New directions in publishing
Posted December 18, 2013 in
“Nobody knows anything” wrote the screenwriter William Goldman in 1983, in his Hollywood memoir, Adventures in the screen trade.
“Not one person in the entire motion picture field knows for a certainty what’s going to work. Every time out it’s a guess – and, if you’re lucky, an educated one.”
Goldman wrote with authority, having written a number of classic movies, each strikingly different from the other: Butch Cassidy and the Sundance Kid, Marathon Man, All the President’s Men and The Princess Bride – which nobody in Hollywood wanted to make for 14 years, proving his dictum rather neatly.
Movies are not books. Goldman urged aspiring screenwriters to attempt other kinds of writing (such as novels) in order to exercise creative control. He said this was good for the soul.
Twenty years after Goldman made his pronouncements, the publishing industry itself is experiencing a profound “Nobody knows anything” moment. The rise of Amazon, online sales and e-books has shaken up the industry, encouraging small players (like us) to have a go.
Earlier this month, Amazon revealed that one quarter of its top 100 e-book sales in the US in 2012 were written by “indies”. In the US, the term can mean either self-published authors or authors published by small companies (that is, not one of the big six publishing houses).
The news was interpreted as a victory for self-published authors. A spokeswoman for Amazon.com said in The Guardian: “This figure is referring to Kindle books on Amazon.com in 2012, with ‘indie’ meaning books self-published via Kindle Direct Publishing (KDP). So a quarter of the top 100 bestselling Kindle books on Amazon.com in 2012 were self-published via KDP.”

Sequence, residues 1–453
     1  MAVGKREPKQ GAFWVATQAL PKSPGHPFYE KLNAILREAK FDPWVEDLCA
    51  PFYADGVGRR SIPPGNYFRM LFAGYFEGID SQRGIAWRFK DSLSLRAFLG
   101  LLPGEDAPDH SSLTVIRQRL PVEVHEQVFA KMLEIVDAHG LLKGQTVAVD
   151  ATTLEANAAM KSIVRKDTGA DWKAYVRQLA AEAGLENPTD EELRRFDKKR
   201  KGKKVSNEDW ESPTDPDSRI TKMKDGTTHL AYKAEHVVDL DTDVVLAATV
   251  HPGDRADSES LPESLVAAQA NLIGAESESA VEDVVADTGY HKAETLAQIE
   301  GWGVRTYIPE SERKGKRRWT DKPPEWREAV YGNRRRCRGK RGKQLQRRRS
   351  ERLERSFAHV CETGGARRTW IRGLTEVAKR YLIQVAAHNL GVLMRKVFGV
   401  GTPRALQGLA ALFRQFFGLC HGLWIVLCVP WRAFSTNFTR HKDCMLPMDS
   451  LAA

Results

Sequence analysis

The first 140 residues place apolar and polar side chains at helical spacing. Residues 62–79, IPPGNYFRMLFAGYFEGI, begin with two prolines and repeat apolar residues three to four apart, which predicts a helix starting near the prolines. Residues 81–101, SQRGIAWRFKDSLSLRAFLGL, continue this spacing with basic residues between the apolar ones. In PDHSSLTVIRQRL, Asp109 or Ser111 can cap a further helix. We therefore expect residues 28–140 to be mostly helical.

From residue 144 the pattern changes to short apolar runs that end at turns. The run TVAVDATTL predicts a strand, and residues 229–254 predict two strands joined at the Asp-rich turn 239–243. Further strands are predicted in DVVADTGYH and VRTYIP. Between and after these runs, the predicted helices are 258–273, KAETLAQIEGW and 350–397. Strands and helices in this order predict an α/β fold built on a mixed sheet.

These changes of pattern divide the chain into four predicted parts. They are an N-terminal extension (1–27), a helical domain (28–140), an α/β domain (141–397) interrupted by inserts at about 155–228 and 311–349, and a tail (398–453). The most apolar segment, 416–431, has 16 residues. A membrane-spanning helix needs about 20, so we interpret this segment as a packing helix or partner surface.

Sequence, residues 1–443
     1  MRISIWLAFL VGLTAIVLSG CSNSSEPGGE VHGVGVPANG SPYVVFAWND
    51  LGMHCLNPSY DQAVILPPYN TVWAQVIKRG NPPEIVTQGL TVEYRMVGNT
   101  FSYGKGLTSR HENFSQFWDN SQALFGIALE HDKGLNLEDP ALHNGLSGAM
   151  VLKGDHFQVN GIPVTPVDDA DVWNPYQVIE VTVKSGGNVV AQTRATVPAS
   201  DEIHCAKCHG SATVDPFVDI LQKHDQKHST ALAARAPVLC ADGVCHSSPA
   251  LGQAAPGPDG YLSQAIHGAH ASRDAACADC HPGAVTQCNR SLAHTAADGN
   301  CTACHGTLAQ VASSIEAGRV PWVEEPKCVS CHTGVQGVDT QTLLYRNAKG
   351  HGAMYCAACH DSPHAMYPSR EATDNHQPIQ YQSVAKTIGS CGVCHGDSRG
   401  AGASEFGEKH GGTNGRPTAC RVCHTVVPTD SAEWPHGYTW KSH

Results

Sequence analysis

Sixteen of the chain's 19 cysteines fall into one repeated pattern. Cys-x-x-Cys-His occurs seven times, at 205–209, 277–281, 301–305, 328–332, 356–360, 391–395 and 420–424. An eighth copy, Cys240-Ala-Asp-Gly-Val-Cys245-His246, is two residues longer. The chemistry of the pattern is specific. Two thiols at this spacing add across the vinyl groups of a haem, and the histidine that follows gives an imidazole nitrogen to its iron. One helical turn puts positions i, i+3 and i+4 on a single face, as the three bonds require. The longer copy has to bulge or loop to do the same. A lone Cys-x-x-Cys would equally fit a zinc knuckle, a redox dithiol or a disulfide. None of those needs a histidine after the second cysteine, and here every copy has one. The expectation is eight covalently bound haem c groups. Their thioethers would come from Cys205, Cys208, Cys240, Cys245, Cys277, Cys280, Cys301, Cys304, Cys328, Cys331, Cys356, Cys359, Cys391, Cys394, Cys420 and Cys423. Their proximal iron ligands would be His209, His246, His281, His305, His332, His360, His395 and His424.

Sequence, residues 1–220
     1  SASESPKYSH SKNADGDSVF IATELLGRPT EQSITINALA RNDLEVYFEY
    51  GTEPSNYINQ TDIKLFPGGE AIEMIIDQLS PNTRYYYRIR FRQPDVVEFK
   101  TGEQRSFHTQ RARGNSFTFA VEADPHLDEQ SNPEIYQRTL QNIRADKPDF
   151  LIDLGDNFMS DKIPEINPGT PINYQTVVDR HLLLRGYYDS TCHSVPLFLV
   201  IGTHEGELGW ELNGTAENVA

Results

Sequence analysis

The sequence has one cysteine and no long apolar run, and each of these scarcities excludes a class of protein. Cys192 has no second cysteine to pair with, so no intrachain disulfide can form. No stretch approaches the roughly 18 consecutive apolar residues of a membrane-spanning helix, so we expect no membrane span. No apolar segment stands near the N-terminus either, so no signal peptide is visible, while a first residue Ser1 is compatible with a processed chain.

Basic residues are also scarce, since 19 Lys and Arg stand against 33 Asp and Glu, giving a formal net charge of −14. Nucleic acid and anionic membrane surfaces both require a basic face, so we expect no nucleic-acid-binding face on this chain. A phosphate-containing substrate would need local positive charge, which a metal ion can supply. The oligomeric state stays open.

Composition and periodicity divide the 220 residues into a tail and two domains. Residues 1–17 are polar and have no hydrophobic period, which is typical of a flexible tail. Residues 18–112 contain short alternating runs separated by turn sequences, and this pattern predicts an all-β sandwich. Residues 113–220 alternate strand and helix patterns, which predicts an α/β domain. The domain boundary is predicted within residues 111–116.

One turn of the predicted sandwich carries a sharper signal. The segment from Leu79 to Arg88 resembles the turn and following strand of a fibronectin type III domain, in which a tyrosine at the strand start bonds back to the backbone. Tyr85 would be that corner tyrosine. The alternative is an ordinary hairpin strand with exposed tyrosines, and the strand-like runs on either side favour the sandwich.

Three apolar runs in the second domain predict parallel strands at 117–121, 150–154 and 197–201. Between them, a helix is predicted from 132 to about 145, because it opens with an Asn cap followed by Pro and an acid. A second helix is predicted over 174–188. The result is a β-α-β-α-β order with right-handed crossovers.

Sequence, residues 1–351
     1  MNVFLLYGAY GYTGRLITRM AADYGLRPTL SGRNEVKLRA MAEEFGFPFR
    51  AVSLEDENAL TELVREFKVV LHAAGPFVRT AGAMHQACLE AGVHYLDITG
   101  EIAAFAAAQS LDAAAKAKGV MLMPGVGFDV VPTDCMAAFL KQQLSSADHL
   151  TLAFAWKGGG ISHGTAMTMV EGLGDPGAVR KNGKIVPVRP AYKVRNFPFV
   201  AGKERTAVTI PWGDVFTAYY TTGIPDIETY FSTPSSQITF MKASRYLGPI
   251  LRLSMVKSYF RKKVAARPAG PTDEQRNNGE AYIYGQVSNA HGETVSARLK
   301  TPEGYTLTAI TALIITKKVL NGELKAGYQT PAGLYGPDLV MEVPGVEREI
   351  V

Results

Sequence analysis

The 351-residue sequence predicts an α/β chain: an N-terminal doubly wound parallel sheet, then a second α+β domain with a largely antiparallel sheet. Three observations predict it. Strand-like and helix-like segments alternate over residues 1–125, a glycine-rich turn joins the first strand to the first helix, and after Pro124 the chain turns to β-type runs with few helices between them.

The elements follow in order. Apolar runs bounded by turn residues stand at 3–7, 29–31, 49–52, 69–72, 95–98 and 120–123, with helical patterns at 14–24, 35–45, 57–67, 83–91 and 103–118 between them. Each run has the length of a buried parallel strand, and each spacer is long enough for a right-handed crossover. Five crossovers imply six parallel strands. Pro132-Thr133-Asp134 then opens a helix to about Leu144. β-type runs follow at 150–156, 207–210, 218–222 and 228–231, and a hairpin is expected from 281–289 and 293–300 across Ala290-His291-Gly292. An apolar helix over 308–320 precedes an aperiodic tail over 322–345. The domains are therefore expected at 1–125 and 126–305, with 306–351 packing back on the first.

Hugh Howey, whose self-published science-fiction series Wool became a best-selling e-book tweeted: “Taken together, indie authors form a new major publisher to round out the big six.”
But British independent publisher Colin Robinson from Or Books wasn’t entirely convinced. He told The Guardian a snapshot of Amazon.com’s top 100 books last week, as opposed to Kindle alone, showed “47 were from the big six publishers, 31 from other publishers I recognised, 21 from publishers I've never heard of, and one was definitely self-published”.
He added: “It's possible that some of the publishers I've never heard of are in fact imprints set up by the author of the book but, especially as several appeared with books by more than one author (or at least one author's name), it seems unlikely that more than a few are.”
The figures suggest that in the online marketplace e-books are providing unprecedented opportunities for self-published authors (some of whom go on to sign deals with publishing houses) while smaller publishers are doing better with print. Either way, there is life and growth outside the big six.
The Amazon e-sales figures are a year old, which may also give a distorted picture. The latest sales statistics in the in the US show e-book sales have been flattening – or even declining.
“I don’t know if it’s a saturation point with digital,” said Len Vlahos, the executive director of the Book Industry Study Group, quoted in The New York Times. “Three years ago it was a nascent market, but now it looks like a maturing market.”
The same article quoted Jennifer Enderlin, the publisher of St Martin’s Press Paperbacks and Griffin, saying she thought the pause in e-book growth would “start affecting print books in a good way”. She was also optimistic about the future of independent bookstores.
Wishful thinking? We will have to wait and see. Nobody knows anything.